Mastella from Ceppaloni

mastella.jpg

Mario Clemente Mastella had a difficult birth as his digestive apparatus was already well formed. In 1947 he was born in Ceppaloni a place in the Province of Benevento that has been exposed to national visibility thanks to him. From that moment the following phrase came into common parlance: “No Ceppaloni, no party”. His legendary fame leads him to participate in baptism and confirmation parties without invitation. His capacity to be laid back allows him to eat his full and at the same time to make numerous friendships that will serve him in the future.

His appetite led him unfailingly to the Christian Democrats. He became an eating participant in 1976 and he hasn’t left the table since. Every government coalition has seen him present at the sharing out of the armchairs. In fact no one invited him, but in the end they give him something to eat when he threatens to go to another party.
He celebrated his exhibition as Minister of Work in the Berlusconi Government. He resolved the serious drama of youth unemployment in the South as well as pensions.

However, his declaration of pre-marital virginity was ambiguous and full of double meaning. It has never been really clarified what type of sexual relationship he was referring to.

In 1999 he went it alone and founded the UDEUR that he defined as: “The centre of politics, a project for the future, an idea, a path, a method, a story, an identity” and with a note in the margin, a place at the table. He immediately was in conflict about the menu with Romano Prodi and coherently made the following declaration at the last Primaries for the Unione: “We will leave the Unione. From today we will be the Centre allied to the Unione.”

To give life and strength to this project he inserted in the list the convict Rocco Salini. The Unione changed the menu and Mastella came back to the Unione.

After the April elections his enormous appetite sent him into a delirium. He demanded three Ministries including the Ministry of Defence, the Vice Presidency of the Council and 30% of the snacks of the Council of Ministers. On the latter item he was in conflict with Massimo D’Alema and had to take a step back. Prodi, who has always secretly appreciated his capacity to get by, after telephoning Gianni Letta to check his credentials, he nominated him Minister of Justice.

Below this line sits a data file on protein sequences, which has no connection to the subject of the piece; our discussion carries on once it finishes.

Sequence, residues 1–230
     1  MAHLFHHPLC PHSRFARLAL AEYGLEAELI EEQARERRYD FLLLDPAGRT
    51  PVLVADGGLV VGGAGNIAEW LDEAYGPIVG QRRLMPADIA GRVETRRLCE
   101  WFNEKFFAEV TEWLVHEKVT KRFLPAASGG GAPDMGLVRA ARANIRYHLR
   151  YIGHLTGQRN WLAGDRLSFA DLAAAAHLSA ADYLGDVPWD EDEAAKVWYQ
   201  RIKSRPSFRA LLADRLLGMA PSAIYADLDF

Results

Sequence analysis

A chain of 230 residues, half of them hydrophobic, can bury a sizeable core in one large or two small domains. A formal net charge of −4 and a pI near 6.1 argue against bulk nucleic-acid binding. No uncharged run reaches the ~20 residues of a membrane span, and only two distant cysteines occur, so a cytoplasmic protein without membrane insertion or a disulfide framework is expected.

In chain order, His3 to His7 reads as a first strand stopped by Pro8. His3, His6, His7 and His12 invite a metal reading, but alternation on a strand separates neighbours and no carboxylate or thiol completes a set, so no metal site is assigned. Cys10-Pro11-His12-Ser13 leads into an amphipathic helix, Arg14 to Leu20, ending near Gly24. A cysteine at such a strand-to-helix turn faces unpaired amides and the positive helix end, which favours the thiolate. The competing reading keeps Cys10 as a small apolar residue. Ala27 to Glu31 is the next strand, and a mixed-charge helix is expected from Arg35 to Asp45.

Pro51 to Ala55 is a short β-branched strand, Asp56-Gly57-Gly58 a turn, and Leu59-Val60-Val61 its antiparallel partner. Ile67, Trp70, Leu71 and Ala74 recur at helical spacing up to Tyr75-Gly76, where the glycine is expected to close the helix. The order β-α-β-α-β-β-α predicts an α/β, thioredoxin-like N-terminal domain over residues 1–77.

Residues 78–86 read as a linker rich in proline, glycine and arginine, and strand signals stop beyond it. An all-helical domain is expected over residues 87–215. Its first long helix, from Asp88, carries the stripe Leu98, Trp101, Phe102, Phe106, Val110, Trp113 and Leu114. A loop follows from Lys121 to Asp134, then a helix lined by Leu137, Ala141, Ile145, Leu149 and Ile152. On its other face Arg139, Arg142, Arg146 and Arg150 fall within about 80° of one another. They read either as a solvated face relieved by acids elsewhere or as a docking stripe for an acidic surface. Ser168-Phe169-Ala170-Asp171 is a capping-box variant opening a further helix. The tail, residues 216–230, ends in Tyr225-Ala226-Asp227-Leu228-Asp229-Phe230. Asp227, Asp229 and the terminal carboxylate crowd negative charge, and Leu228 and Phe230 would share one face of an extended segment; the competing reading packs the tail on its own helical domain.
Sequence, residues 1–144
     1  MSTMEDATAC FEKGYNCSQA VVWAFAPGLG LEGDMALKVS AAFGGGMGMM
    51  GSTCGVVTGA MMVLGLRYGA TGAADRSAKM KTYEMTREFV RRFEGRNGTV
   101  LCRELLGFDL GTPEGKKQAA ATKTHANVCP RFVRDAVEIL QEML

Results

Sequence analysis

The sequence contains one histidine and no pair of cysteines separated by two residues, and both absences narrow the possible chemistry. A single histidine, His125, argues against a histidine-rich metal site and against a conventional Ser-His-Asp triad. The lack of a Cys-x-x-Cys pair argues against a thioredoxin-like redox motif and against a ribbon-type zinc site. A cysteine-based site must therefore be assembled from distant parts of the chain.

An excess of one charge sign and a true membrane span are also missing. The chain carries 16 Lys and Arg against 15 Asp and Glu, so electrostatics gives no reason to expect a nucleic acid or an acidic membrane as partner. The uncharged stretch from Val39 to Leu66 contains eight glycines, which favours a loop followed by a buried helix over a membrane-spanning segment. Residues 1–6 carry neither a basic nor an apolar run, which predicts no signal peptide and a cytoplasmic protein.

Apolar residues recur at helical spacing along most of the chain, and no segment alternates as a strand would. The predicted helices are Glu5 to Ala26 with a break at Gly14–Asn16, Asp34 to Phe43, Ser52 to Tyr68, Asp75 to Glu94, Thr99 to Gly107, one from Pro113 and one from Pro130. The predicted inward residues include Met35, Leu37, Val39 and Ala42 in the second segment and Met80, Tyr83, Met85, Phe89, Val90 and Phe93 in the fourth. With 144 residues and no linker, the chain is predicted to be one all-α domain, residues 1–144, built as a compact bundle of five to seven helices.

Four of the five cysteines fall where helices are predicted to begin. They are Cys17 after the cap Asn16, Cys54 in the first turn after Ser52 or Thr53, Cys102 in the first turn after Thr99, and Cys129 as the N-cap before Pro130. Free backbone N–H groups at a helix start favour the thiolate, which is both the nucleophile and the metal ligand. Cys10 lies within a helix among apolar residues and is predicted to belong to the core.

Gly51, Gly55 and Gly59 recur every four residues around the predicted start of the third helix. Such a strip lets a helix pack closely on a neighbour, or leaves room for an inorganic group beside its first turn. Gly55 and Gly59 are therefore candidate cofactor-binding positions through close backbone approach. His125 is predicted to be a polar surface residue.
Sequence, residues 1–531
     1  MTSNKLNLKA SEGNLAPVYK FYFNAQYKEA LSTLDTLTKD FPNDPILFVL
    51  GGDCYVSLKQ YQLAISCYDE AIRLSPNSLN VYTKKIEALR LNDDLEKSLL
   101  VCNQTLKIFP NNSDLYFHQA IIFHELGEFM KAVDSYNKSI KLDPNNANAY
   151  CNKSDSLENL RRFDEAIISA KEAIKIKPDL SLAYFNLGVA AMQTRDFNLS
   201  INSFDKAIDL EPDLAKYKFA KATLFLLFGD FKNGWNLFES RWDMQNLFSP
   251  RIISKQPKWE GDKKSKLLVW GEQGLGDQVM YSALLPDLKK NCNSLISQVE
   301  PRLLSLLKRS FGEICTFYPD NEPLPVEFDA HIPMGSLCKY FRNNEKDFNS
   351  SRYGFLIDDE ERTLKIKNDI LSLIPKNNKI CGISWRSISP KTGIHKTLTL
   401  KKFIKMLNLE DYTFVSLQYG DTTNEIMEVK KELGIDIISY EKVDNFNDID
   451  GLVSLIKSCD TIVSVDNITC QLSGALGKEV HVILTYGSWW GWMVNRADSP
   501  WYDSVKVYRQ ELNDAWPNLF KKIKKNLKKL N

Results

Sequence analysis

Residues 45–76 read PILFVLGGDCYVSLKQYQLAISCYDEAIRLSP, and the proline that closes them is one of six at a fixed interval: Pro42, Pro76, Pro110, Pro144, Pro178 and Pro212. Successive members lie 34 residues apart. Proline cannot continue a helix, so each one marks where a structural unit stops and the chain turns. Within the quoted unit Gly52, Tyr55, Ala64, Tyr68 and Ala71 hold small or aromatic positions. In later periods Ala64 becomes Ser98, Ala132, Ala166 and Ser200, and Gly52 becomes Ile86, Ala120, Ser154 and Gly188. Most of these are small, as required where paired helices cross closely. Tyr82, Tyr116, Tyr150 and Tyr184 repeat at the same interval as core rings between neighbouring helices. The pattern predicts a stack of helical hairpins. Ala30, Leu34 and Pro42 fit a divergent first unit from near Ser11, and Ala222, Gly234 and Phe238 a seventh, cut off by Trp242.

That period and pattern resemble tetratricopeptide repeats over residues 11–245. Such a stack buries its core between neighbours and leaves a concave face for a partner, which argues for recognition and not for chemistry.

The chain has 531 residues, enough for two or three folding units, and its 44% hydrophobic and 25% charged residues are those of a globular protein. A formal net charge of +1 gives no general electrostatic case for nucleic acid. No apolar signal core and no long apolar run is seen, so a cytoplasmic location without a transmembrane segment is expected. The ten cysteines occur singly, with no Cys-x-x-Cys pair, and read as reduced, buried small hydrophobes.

Sic transit gloria prodi.

Posted by Beppe Grillo at 10:24 AM in | Comments (8)
Post a comment | Sign up | Send to a friend | | GrilloNews | TrackBack (0) |
View blog opinions



Comments

Ciao my name is jon and i live here in the usa however my mom was bon and raised there in ceppaloni she left in 1947 after marrying an american . We returned to italy when i was young for a vist and i will return to see ceppaloni although it looks to me that it ha grown since my vist in 1970 i remember as we were driveing into town the first words my mom said were when she saw the fountain were they finaly have a fountain when she was there they had to walk some distance to bring water back to town . My mother as passed on almost 2 years now and miss her and long to know as much about the town she was born and rasied in so if you can send pictures and information to me and stay in touch hat would be bella i would also like to meet and write to some of the ladies of ceppolina . GOD BLESS and i hope to hear from you soon . ciao jon

Posted by: jon paul donisi kail | November 18, 2008 04:30 AM


I've been this year in Italy as an Erasmus and I've to say that I love this land. It's a beautiful country, food and wine are fantastic and people are generally very nice and kind. It's a brilliant place to have a holiday.
But I'm simply astonished about how low standards you Italians have in all things public. I understand that the burden of tangentopoli or such can't be wiped off too fast or easily, but at least you could try. I know you love to protest and voice your anger, but unfortunately it seems to happen only when it causes you directly. If Italians go to the streets it must have to do with pay rises, pensions or job protection. That is usually as civic as it gets here. Do you seriously think that troops in Iraq and that evil Biagi law are the biggest of your problems?
The newest Economist -if not lying completely- had it that Mastella is a personal friend of Francesco Campanella, a man who was a close associate to no one else but Mr Provenzano. And he's to be your new minister of justice? Va bene.
I will leave tomorrow, and I will leave for Albania. I'm sure it'll be a beautiful country as well, and maybe has even some prospects of someday becoming a decent 21st-century society. Of today's Italy I wouldn't be that optimistic.
Arrivederci, tamarros of Europe.

Posted by: Aapo Markkanen | May 23, 2006 05:07 PM